New Study Links Air Pollution To Congenital Effects
Air pollution is a widely studied problem that many officials have examined. For those living in concentrated urban populations, this issue may affect them more than those who live out in the country side. Now, researchers at Tel Aviv University have discovered new evidence linking high exposure of air pollution to an increased risk of congenital malformations.
"Our results suggest that exposure to higher levels of air pollution during pregnancy is associated with various adverse pregnancy outcomes," said Prof. Lerner-Geva. "While our study mainly followed SC infants, we also had the opportunity to assess a small sample of pregnancies that were conceived through ART, and observed a higher impact of air pollution -- particularly with regard to ozone exposure. This is clearly a uniquely susceptible population that should be further explored."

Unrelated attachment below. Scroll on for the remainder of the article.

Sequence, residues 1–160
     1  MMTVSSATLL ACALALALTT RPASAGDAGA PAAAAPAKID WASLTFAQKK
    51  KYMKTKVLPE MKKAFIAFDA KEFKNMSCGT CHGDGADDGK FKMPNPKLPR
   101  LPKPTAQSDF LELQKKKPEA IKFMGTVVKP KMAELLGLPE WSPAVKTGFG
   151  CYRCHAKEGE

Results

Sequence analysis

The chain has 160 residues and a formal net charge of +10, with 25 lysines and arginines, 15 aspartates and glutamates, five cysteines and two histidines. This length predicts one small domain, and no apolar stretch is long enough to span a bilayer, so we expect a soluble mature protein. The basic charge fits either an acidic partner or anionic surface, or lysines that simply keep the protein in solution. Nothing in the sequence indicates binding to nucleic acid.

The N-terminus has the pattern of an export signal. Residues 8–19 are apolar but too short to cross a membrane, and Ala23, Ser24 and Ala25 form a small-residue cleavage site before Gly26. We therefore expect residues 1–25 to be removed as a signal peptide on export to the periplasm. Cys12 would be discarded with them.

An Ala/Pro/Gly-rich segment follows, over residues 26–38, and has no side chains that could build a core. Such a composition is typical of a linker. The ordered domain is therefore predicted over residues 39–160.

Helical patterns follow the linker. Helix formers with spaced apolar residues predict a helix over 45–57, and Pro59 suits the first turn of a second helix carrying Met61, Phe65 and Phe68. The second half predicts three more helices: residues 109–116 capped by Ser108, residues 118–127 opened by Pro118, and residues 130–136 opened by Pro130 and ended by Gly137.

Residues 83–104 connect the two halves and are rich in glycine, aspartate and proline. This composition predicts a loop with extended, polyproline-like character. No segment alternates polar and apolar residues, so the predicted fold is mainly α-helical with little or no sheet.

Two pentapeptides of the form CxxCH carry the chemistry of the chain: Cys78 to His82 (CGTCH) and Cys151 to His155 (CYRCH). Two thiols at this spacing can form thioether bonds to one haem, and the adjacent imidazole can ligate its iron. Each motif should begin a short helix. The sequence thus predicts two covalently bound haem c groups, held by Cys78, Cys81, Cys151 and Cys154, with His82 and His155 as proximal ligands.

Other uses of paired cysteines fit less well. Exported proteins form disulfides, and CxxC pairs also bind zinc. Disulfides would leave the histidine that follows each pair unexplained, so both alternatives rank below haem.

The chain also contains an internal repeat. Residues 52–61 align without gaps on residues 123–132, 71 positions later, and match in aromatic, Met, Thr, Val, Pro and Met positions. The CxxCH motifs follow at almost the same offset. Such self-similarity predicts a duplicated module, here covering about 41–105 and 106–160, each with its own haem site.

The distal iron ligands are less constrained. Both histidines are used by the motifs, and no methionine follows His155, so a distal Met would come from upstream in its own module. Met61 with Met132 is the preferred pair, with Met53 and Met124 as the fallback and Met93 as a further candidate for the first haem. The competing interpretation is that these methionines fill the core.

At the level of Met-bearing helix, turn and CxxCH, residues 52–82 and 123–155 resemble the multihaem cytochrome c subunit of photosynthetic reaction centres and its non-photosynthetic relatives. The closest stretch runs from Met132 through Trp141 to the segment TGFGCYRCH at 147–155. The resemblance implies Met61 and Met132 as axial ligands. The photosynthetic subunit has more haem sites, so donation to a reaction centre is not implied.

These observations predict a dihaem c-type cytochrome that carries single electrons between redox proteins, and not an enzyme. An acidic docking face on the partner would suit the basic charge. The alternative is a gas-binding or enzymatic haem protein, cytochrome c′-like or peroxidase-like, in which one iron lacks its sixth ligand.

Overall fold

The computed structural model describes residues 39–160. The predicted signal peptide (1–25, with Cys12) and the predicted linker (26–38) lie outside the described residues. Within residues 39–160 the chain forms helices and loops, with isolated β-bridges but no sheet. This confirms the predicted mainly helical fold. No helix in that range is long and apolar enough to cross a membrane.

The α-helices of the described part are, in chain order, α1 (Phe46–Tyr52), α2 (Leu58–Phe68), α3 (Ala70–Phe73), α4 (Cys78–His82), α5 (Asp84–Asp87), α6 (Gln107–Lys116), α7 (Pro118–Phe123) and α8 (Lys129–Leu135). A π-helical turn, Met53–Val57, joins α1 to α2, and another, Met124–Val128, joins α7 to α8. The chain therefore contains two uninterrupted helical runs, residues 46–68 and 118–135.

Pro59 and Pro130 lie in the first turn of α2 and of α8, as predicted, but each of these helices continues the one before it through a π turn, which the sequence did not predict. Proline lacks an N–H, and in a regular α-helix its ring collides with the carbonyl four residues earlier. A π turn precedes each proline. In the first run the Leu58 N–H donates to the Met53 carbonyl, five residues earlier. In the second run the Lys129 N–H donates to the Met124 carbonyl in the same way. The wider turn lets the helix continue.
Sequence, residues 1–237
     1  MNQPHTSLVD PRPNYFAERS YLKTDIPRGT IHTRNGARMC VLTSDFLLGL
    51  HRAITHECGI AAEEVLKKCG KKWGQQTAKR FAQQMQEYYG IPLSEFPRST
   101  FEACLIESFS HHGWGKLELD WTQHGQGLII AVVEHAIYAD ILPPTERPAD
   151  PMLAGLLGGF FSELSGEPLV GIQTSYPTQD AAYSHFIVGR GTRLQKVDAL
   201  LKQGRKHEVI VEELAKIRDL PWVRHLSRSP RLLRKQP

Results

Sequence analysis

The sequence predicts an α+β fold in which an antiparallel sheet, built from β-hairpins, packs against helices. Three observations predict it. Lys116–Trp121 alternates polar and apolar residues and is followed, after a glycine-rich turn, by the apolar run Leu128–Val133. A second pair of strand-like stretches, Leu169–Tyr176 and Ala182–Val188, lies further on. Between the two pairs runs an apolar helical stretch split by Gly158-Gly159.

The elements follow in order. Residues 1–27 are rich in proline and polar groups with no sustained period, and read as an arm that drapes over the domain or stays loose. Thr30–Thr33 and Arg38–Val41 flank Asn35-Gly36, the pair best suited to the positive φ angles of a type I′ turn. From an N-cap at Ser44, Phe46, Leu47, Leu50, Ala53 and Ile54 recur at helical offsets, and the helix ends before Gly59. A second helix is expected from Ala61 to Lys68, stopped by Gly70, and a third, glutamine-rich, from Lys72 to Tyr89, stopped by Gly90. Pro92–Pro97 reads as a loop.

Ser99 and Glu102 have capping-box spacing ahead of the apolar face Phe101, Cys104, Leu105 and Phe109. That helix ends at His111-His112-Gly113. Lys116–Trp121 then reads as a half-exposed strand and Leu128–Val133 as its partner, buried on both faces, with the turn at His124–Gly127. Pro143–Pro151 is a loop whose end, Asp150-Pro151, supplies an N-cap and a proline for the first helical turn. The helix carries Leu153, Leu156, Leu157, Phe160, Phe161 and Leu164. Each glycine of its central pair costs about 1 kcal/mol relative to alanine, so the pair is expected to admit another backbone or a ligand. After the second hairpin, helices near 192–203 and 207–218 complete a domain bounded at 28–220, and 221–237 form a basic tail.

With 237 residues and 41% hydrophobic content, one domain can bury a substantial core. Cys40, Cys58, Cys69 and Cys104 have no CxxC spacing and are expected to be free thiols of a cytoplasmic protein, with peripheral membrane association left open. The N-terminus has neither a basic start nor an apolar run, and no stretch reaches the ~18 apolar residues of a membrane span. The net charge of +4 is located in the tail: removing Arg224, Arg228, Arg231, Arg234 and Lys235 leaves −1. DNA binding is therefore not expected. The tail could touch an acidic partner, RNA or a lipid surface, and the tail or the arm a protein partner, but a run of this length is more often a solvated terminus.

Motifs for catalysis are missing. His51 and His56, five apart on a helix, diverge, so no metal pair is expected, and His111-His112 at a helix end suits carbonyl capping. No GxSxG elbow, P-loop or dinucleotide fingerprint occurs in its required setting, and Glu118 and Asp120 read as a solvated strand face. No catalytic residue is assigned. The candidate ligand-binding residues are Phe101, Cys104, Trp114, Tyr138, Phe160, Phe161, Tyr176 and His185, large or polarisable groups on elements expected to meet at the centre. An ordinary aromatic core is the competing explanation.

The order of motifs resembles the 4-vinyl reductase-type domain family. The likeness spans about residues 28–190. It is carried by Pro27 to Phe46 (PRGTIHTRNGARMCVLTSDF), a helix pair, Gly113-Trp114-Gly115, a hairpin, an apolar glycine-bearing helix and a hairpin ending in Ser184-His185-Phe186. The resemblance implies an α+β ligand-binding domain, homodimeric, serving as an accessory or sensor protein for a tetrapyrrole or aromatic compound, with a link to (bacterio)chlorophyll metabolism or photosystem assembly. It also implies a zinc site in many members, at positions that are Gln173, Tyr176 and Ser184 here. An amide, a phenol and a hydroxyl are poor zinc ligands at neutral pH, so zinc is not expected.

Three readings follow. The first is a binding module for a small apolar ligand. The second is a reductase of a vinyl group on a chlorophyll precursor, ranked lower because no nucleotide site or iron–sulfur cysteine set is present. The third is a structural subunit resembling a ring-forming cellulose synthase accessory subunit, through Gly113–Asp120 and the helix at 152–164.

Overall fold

For the study, researchers analyzed data on 216,730 people born in Israel between 1997 and 2004. Air pollution, including levels of sulfur dioxide (SO2), particulate matter (PM10), nitrogen oxides (NOx), and ozone (O3), were obtained from all monitoring stations during the study period. Researchers analyzed exposure to air pollution during the first trimester and throughout the entire pregnancy.
Findings revealed that exposure to PM10 and NOX pollutants throughout full-term pregnancies was associated with an increased risk of congenital malformations-specifically those related to the circulatory system.
"Considering the worldwide decline in fertility, and the increasing number of children born through ART treatments, our findings about their increased risk of congenital malformations are very relevant," concluded Prof. Lerner-Geva. "It is essential we continue to evaluate this unique population."
More information regarding the findings can be seen via the journal Environmental Research.
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